Los Angeles

David Leow and “New Members”

Los Angeles Art Association

David Leow took up painting in his forties, and has been fascinated with it ever since. His work does not have an art-school finish or approach, and is uneven in quality. He is at his best with small works, and his largest work Italian Alley displays almost all of his faults and none of his virtues. He is a colorist With a strong sense of design and pattern, and he often utilizes these senses in areas where such qualities would not neces­sarily be present naturally, to the great enrichment of his work. All of his works use either a landscape or still-life as their basis, and the smaller works have a quality of charm which would allow them to fit into almost any atmosphere where charm was not denied. The works are more than mere charming decora­tions, however; the sense of pattern, and design present lift them out of that category. His method of working quiets his subject; there is excitement present only in the juxtaposition of colors and patterns. A notable example of these qualities is the work Lake and Moun­tains, Japan.

In keeping with its policy of trying to help artists over the difficult hump separating the talented amateur or stu­dent from the professional, the Los An­geles Art Association also presents an exhibition of some of its new members. Naturally, with such a premise, the quality of the work will vary greatly, both in style and in timeliness. But it is up through the ranks of the vari­ous art associations that those artists who will be next year’s bright successes will come, and the art associations are the only place that artists whose vision is too individual to fit into a gallery pattern can find a place to show.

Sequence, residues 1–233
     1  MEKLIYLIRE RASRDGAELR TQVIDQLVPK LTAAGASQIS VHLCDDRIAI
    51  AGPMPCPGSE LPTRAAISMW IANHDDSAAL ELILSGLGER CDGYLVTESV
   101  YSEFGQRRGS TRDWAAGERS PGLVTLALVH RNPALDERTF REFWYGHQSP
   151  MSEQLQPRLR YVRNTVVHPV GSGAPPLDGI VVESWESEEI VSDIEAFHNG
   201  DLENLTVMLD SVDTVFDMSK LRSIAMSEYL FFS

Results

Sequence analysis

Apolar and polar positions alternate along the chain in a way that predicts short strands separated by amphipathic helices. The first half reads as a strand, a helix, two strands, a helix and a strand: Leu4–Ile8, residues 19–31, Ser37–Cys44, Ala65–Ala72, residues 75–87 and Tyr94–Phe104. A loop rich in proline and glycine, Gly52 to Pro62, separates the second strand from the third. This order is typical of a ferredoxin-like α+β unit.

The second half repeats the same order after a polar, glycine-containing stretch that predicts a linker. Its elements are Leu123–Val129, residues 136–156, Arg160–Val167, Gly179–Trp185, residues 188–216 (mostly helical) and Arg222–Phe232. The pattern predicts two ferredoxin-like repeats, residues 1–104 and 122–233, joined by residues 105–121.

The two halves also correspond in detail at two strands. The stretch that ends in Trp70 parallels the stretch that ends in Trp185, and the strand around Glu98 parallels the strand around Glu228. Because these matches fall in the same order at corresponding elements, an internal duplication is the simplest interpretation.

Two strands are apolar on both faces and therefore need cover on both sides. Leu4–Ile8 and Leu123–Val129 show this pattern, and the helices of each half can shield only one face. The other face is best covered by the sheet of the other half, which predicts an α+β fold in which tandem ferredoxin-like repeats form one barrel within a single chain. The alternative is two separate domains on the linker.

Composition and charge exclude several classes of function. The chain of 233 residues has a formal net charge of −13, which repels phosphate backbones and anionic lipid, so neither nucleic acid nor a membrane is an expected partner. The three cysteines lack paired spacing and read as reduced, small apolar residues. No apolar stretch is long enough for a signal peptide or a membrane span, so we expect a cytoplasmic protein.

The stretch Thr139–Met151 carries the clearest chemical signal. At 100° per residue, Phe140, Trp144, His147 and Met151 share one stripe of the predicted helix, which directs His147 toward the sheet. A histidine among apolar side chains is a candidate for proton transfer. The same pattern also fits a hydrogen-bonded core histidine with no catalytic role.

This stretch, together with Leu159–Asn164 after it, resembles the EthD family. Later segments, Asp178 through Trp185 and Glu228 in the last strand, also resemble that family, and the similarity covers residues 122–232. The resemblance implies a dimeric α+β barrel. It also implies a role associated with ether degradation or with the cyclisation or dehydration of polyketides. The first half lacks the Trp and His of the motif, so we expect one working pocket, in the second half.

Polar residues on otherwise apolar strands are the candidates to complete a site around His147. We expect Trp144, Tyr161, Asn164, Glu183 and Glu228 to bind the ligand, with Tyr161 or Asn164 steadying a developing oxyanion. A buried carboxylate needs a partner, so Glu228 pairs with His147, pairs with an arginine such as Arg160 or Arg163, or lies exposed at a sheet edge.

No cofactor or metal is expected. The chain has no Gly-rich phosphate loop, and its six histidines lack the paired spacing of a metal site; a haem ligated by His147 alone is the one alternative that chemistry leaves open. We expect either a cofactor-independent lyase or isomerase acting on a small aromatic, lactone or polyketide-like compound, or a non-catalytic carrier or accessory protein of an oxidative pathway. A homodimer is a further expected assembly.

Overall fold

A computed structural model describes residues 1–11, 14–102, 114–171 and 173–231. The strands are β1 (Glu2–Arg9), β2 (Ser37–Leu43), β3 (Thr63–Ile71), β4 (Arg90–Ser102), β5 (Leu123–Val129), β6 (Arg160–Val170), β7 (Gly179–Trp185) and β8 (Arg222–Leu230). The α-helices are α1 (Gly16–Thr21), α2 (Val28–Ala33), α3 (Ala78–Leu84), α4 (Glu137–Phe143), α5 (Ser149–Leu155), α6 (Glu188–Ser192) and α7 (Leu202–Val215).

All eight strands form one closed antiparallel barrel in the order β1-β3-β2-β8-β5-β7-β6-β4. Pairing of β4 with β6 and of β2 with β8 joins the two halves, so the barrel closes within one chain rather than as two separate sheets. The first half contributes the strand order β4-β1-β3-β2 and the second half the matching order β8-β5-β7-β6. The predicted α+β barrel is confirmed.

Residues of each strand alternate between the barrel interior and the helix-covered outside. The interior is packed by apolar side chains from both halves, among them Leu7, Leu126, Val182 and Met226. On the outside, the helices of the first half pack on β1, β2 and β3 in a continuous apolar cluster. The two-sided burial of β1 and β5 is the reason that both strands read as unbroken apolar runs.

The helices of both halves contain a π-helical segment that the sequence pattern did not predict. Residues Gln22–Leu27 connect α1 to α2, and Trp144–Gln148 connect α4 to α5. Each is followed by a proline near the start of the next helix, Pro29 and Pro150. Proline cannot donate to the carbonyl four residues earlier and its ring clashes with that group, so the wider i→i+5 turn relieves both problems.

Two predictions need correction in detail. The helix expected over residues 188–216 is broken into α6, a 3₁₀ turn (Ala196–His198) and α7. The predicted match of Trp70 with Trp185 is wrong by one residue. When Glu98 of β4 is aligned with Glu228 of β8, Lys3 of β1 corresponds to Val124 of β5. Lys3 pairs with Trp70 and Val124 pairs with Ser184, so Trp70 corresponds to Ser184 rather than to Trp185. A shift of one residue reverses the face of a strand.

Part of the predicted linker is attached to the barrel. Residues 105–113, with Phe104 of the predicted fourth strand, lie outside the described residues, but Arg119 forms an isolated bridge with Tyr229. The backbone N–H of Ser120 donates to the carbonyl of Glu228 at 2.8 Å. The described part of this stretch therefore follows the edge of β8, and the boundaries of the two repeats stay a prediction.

Leonard Paz’s print Antenna of My Heart seemed a thoroughly developed work, a quality that other works in the exhibition lacked. The Gerde Penfold Ugly Painting was not that; it showed a direction that was strong and bold in the artist’s thinking. Bernyce Palifka hawed The Bride, an attempt to bring together in one painting both the clear, hard-edged, sharply-defined colors of the Abstract-Classicists and a looser, freer brush-stroke, the whole to evolve into a figure. This is a difficult techni­cal problem, and not solved wholly suc­cessfully. Of the sculptors showing, Edward Cornachio, in his Circus seemed to be evolving a direction of his own.

H. J. Weeks